If you are asking your MP to write to a minister on your behalf, it makes it easier for him/her if you can identify which one to write to. If not, don't worry. You can ask him/her to write to "the minister responsible" and Parliamentary Branch within Parliament will be able to advise your MP.

In your opening lines, you should state what you are writing about, and state:

"I would be grateful if you could forward this letter onto the [insert minister/department responsible] for a response. "


You should then set out - ideally with bullet points (it's easier for civil servants like me to pick these out and ensure that we've answered all of the questions) before completing your letter.

That way, you save a lot of time and hassle in getting your response. Poorly drafted letters can increase the amount of time it takes for a response to come back by up to six months. Crazy huh?
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Sun!
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#2
Report 9 years ago
#2
You can be registered at both home and university, therefore you can contact either.

The situation is also complicated somewhat by devolved administrations in Wales, Scotland and Northen Ireland. You should in them cases write to them (Your local and/or regional AM/MSP/MLA), if the devolved body has power over that matter. It would be wise to update this page to reflect that, the pdf you linked to has all the information on it.

Also some MPs are generally better than others and you can write to them about anything, and theyll try and help. You try to make it seem like they wont, and I can assure you they (At least my 2 local MPs) will.
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rajamohan
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#3
Report 9 years ago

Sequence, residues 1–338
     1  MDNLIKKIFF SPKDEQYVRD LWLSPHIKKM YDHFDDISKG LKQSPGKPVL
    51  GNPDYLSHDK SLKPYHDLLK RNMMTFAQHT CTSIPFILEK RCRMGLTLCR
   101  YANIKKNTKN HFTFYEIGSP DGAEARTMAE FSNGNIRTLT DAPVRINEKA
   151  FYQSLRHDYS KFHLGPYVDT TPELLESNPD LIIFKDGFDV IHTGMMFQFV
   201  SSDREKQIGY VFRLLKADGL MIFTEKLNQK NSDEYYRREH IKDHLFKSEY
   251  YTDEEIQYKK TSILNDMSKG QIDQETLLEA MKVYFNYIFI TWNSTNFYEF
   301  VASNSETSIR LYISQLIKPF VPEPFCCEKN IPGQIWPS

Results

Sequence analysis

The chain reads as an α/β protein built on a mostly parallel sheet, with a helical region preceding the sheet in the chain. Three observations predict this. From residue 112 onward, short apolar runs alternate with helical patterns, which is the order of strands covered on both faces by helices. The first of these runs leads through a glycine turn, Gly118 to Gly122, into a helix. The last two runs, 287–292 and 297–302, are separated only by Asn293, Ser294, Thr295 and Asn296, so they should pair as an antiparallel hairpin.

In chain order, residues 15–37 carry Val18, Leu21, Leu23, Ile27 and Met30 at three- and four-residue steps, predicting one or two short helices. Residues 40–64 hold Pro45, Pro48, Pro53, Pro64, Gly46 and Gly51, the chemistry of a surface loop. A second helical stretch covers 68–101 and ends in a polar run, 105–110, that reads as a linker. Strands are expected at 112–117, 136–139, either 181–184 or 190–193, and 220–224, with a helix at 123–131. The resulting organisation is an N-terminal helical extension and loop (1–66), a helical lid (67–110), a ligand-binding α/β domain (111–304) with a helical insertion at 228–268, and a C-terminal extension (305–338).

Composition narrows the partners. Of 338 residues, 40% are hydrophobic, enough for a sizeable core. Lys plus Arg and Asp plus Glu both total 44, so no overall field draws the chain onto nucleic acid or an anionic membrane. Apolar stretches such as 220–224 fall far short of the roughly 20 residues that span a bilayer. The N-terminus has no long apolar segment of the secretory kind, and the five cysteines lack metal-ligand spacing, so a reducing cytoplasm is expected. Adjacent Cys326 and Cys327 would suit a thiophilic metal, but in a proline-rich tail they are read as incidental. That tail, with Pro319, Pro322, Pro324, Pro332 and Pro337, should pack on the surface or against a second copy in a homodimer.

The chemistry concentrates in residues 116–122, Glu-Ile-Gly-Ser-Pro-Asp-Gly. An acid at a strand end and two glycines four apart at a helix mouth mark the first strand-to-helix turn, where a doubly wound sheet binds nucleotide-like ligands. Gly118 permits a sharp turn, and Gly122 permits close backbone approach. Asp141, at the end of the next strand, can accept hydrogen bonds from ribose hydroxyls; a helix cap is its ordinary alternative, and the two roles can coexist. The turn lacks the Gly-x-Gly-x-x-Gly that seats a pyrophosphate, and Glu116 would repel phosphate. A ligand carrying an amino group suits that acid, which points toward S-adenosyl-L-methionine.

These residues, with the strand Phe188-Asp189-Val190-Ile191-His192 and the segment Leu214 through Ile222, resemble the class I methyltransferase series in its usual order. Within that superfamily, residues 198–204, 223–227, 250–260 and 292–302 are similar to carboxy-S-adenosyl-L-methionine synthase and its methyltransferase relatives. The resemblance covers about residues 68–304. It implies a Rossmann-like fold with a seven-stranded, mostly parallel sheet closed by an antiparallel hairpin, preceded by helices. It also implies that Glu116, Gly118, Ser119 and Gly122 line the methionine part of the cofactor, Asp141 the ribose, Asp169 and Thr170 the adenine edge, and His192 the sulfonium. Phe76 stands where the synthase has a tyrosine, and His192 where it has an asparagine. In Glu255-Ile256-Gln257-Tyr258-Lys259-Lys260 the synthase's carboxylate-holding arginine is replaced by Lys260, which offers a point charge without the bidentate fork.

#3
i am expecting that the MP is the good person and can make that the very happy and can also for the new ,, we all are waiting for the new one.. so i like to post this comments in this site,,,
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MulderMan
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#4
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(Original post by rajamohan)
i am expecting that the MP is the good person and can make that the very happy and can also for the new ,, we all are waiting for the new one.. so i like to post this comments in this site,,,
None of that makes any sense.
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Prince Rhyus
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#5
Report Thread starter 9 years ago
#5
http://www.my-mp.org.uk/ - there's even a new app for your mobile phone to keep in touch with your MP
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Prince Rhyus
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#6
Report Thread starter 9 years ago
#6
Some of you may find the post at http://www.thestudentroom.co.uk/show....php?t=1437594 useful if you're campaigning on stuff - like the Browne Review recommendations.
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BlueEmperor
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#7
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I write to my MP semi-frequently, usually on constitutional matters, though recently wrote to him about my grandmother (she suffers from dementia and we've been having problems with local social services). In all cases, he's been marvellous. John Baron, MP for Basildon & Billericay. Good man.
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saddlers17
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#8